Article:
The push for racial equality in the United States got a boast from the demands placed on all facets of society during the Second World War. The mobilization effort relied on the black race to win the war and once it was over, there was no turning back. Furthermore, the ideals of freedom and equality, which were the backbone of the Allied war cry and the foundation for the anti-communist Western movement, did not sit well alongside Jim Crow laws and public acts of racial discrimination.
The Jim Crow System of segregation was a process in which white Southerners legitimized their racial supremacy over their black counterparts. It was a system based on ethnic and racial differentiation. It is important to note that such a system enabled the “definition of racism as an institutional fact” (Singh, 2004, p. 22). This is evident if one considers that such a system enabled “the construction of black people as subjects proscribed from participating in the social state in which they live” thereby positing them as entities “whose relation to the public is always in racial doubt” (Singh, 2004, p.
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22). The possibility of such is better understood if one considers that differentiation entails the recognition that races are different and as such, it creates a political setting that separates races [e. g. distinction and hence separation of the whites from the blacks]. In addition to this, it also separates and ultimately, limits or confines races to a social sphere with corresponding social functions that are imposed on them. In lieu of this, the importance of the Civil Rights movement lies in its attempt to breakdown and free society of this idea of racial differentiation.
Contrary to popular belief, the Civil Rights movement did not begin in the 1950’s and end in the 1960’s; instead, it has been an ongoing process since the Compromise of 1877, through to the present day. The movement has encompassed not only political equality but also housing, education, and economics, to name a few. Moreover, Jeanne Theoharis (2003) argues against the dominant notion that the civil rights movement was a nonviolent movement born in the South during the 1950’s that emerged triumphant in the early 1960’s only to be derailed by Black Power and the white backlash when it moved North after 1965.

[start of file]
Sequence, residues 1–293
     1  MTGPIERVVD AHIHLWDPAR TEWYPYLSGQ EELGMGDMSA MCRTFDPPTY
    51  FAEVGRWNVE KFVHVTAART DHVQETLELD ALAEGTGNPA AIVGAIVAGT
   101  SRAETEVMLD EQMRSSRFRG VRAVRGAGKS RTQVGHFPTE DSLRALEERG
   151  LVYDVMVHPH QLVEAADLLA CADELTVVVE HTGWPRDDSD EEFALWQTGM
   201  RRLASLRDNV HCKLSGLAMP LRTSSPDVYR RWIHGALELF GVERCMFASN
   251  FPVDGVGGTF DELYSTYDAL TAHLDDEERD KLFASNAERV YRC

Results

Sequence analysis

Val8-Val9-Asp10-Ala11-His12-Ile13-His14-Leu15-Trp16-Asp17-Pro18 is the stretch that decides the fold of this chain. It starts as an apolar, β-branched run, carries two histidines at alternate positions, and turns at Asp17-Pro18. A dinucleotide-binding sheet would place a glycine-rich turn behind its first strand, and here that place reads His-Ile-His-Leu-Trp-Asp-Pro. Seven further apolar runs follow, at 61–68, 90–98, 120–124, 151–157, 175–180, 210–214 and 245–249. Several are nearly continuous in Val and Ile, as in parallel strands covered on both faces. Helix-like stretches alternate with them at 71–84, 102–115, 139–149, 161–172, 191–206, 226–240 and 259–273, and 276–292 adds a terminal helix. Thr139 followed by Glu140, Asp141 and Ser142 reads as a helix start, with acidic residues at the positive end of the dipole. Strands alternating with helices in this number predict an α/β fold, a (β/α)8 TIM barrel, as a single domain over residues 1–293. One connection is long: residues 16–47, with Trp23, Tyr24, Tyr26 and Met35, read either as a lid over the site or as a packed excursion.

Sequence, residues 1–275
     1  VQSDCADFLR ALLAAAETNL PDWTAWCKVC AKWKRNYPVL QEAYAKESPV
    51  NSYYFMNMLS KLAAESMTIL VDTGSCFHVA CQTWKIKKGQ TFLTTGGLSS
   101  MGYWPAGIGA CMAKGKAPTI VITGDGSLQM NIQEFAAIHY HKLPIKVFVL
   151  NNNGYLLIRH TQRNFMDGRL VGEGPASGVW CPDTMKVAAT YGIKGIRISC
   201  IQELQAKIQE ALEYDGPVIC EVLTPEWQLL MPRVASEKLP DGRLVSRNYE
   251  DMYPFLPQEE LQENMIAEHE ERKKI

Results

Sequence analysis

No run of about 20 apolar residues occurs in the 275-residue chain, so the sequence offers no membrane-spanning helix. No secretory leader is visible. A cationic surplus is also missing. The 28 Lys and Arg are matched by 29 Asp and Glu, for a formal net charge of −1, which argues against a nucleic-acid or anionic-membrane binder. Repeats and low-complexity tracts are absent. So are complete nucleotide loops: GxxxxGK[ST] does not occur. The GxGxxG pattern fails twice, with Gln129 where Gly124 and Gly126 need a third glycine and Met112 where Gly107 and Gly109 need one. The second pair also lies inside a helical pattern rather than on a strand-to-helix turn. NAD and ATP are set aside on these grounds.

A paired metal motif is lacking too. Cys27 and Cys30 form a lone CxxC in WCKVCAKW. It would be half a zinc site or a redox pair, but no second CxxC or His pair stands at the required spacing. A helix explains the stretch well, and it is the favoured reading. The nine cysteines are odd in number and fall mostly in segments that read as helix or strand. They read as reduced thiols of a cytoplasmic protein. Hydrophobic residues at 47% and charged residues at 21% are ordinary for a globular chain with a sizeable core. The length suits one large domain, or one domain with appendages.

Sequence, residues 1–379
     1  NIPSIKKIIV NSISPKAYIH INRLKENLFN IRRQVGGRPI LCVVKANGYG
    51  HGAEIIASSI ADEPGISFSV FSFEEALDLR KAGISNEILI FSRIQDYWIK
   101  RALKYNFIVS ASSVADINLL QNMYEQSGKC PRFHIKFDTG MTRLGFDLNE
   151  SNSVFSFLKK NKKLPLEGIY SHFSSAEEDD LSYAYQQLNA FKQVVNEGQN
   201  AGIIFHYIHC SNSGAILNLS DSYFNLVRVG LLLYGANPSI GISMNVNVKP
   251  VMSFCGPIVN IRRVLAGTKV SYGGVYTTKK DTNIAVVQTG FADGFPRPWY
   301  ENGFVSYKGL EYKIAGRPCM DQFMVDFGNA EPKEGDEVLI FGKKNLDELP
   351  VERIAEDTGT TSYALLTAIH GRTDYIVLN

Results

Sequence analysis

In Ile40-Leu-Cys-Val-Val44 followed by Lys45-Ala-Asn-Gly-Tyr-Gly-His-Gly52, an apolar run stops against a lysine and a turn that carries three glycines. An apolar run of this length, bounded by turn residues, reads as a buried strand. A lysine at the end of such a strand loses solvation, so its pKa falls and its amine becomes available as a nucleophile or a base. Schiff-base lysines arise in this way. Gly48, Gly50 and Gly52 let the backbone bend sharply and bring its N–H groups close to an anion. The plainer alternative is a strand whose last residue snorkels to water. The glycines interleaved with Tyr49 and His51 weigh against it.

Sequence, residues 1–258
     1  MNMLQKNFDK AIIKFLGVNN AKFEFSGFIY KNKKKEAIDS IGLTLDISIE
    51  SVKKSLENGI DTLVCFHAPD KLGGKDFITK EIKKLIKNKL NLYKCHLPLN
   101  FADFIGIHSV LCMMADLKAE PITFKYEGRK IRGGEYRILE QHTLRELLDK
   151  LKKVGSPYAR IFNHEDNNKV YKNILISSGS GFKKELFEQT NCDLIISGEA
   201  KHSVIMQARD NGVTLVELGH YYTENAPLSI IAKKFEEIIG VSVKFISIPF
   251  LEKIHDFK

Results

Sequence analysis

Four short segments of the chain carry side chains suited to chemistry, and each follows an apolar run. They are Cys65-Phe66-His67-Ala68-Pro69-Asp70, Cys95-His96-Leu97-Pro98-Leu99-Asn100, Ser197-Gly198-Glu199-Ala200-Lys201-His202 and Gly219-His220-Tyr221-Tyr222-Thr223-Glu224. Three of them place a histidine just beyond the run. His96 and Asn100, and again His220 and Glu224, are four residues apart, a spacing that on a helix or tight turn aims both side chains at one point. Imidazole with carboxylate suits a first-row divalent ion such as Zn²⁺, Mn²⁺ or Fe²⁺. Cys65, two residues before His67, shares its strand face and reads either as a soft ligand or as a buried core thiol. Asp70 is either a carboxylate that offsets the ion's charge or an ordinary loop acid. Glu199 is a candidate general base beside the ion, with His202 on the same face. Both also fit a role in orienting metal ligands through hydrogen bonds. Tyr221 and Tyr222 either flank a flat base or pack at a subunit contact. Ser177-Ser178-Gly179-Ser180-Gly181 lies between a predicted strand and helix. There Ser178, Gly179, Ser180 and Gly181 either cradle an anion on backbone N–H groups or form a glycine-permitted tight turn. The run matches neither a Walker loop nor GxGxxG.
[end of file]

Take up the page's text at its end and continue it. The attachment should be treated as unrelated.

Theoharis (2003) argues that an understanding of the movement necessitates “a fuller inclusion of Northern activism within the postwar freedom narrative challenges the notion that the movement went from civil rights to Black Power (p. 12). She notes, “that Black Power caused the decline of the movement, that self-defense was new to the movement in the 1960s, and that well-organized nonviolent movements were not as prevalent or successful across the North as they were in the South from 1940 to 1980” (p. 12).
The Northern movement successfully used similar tactics as compared to the Southern movement such as boycotts, sit-ins, rallies and grassroots. The difference however, was the internal concepts of race in the North. An example of the historical and political tensions that existed in the North can be seen in Alexis de Tocqueville commentary in 1831 when he stated, “the prejudice of race appears to be stronger in the states that have abolished slavery than in those where it still exists; and nowhere is it so intolerant as in those states where servitude has never been known” (Jacobson, 1998, p.
22). On the surface, it seemed as if the North was anything but racist since the North had fought against slavery and never implemented Jim Crow Laws. Underneath this however, racism and discrimination were institutionalized within the economic and political system; and in both instances, the system was controlled by whites. This was noted by Sugrue (1996) in The Origins of the Urban Crisis: Race and Inequality in Postwar Detroit. Within the aforementioned work, Sugrue outlined the pre-existing presence of economic discrimination in postwar Detroit, which led to the 1967 riots.
At the end of World War II, blacks were leaving for the North, just as northern cities began to lose money and jobs. The “Second Great Migration” led to an influx of unemployed blacks into northern cites with limited resources and jobs. Deindustrialization, combined with the Great Migration, exacerbated the persistent racial discrimination in labor markets and intensified the racial division within the metropolitan area. Though Sugrue focuses on the economic aspect of the issue, he does note that the origins of the urban crisis are much earlier than social scientists have recognized.
In lieu of this, he stated, “there is no simple explanation for the inequality and marginality that beset the urban poor” (Sugrue, 1996, p. 5). In lieu of this, this paper opts to present an evaluation of the effect of the Civil Rights Movement in the United States. Such an analysis will consider the historical, philosophical and ideological underpinnings of the Civil Rights Movement. I will argue that American society was unprepared for such huge and radical changes [brought by Civil Rights Movement] because the issues involved were too complex.